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GPS Next-Generation Control Squadron Completes System Requirements Reviews

GPS is made up of three parts: satellites, ground stations, and receivers. The satellites act like the stars in constellations — we know where they are supposed to be at any given time within a small range of error. The satellites broadcast their location to the ground stations, and the ground stations are able to detect and correct that error in future uploads to the satellites. When the satellite’s location is more accurately broadcasted to the receivers, the receivers can calculate a more accurate position. A receiver, like you might find in your smartphone or navigation system in a car, is constantly listening for a signal from these satellites. The receiver figures out how far away they are from the satellites in view. Once the receiver calculates its distance from four or more satellites, it knows exactly where you are within a few yards of your actual location. (Courtesy graphic)

GPS is made up of three parts: satellites, ground stations, and receivers. The satellites act like the stars in constellations — we know where they are supposed to be at any given time within a small range of error. The satellites broadcast their location to the ground stations, and the ground stations are able to detect and correct that error in future uploads to the satellites. When the satellite’s location is more accurately broadcasted to the receivers, the receivers can calculate a more accurate position. A receiver, like you might find in your smartphone or navigation system in a car, is constantly listening for a signal from these satellites. The receiver figures out how far away they are from the satellites in view. Once the receiver calculates its distance from four or more satellites, it knows exactly where you are within a few yards of your actual location. (Courtesy graphic)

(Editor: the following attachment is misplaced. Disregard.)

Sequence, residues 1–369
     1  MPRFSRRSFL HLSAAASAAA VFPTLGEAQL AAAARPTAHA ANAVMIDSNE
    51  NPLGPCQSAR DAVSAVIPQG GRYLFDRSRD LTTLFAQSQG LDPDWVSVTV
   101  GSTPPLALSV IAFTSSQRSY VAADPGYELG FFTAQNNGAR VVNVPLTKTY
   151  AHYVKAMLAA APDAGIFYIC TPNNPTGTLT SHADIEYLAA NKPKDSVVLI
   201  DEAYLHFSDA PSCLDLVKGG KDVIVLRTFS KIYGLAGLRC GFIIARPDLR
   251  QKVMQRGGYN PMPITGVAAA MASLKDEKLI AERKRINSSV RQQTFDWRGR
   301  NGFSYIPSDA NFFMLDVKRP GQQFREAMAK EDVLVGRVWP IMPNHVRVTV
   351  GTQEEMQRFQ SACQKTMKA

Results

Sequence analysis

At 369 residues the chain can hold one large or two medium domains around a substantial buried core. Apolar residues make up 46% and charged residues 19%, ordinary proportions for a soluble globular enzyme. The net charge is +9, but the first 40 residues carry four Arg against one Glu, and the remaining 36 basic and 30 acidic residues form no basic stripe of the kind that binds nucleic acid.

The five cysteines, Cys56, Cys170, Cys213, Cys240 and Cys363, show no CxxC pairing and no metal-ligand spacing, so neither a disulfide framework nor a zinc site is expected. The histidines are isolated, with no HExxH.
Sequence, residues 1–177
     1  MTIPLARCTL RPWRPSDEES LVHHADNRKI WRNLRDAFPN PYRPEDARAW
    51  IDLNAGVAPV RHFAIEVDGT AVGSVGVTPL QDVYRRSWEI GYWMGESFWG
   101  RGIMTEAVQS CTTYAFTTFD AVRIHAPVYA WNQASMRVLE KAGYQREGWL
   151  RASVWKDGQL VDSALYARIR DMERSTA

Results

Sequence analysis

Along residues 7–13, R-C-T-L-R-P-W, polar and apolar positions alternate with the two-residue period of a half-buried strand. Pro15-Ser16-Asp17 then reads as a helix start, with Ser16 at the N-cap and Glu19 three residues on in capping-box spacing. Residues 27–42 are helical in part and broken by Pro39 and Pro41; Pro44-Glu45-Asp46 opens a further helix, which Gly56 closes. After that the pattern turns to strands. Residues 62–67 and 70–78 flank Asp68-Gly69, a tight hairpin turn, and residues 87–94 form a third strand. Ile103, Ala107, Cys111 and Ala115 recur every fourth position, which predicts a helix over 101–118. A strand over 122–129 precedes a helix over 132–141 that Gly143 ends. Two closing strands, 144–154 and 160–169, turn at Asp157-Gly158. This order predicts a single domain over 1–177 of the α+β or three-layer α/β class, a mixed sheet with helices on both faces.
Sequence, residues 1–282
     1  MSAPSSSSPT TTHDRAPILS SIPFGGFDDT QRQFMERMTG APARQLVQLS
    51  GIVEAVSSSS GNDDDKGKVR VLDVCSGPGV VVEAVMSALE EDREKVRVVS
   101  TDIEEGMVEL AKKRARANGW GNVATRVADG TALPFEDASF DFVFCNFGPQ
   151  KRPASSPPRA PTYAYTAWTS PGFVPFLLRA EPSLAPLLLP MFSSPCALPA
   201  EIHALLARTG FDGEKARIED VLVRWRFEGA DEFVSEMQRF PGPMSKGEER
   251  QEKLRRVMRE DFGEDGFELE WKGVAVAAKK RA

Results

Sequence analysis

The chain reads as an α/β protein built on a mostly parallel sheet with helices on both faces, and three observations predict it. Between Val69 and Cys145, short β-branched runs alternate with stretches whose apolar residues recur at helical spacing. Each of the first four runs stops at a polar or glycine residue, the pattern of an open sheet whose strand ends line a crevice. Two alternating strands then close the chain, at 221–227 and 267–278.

Los Angeles Air Force Base --

The GPS Next-Generation Control Segment (OCX) Squadron recently completed two System Requirements Reviews (SRR) with contractors Northrop Grumman Mission Systems and Raytheon Space Systems. Both contractors are under identical $160 million contracts administered by the Air Force Space and Missile Systems Center, Los Angeles Air Force Base, Calif., for Phase A of the GPS OCX program. 

Raytheon conducted its SRR with the OCX program team in February, followed by Northrop Grumman's SRR in April. Both industry teams successfully demonstrated their full understanding of the requirements of the OCX program. 

During this phase, each contractor must successfully complete a System Requirements Review, Integrated Baseline Review, System Design Review and demonstrate their Modernized Capability Engineering Models (MCEM). The MCEM showcases design and production processes planned for future OCX block deliveries. 

The OCX architecture will advance the capabilities of current GPS technology by adding capabilities in Effects-Based Operations (EBO), Navigational Warfare (NAVWAR) and demonstrating Net-Centricity by integrating with the Global Information Grid (GIG). Each contributes a major advantage to the warfighter. In addition, OCX supports added functionality to civilian users of GPS technology. 

Down-select to a single OCX provider for the $2.7B effort is scheduled for May 2009.